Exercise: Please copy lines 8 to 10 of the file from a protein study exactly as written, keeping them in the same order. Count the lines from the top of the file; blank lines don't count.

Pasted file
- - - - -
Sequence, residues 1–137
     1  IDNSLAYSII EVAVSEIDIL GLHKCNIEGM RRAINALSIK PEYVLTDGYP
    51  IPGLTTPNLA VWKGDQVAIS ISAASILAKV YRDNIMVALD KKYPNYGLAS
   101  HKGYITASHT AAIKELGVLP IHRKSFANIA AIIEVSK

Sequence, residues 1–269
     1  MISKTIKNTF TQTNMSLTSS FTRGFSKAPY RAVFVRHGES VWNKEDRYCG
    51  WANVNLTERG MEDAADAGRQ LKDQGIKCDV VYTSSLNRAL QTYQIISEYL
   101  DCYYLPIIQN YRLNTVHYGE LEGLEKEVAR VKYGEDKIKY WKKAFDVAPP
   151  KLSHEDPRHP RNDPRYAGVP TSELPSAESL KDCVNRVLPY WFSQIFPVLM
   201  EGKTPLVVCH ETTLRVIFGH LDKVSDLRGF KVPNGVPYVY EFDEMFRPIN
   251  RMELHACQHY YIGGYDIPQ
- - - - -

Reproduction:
   101  DCYYLPIIQN YRLNTVHYGE LEGLEKEVAR VKYGEDKIKY WKKAFDVAPP
   151  KLSHEDPRHP RNDPRYAGVP TSELPSAESL KDCVNRVLPY WFSQIFPVLM
   201  EGKTPLVVCH ETTLRVIFGH LDKVSDLRGF KVPNGVPYVY EFDEMFRPIN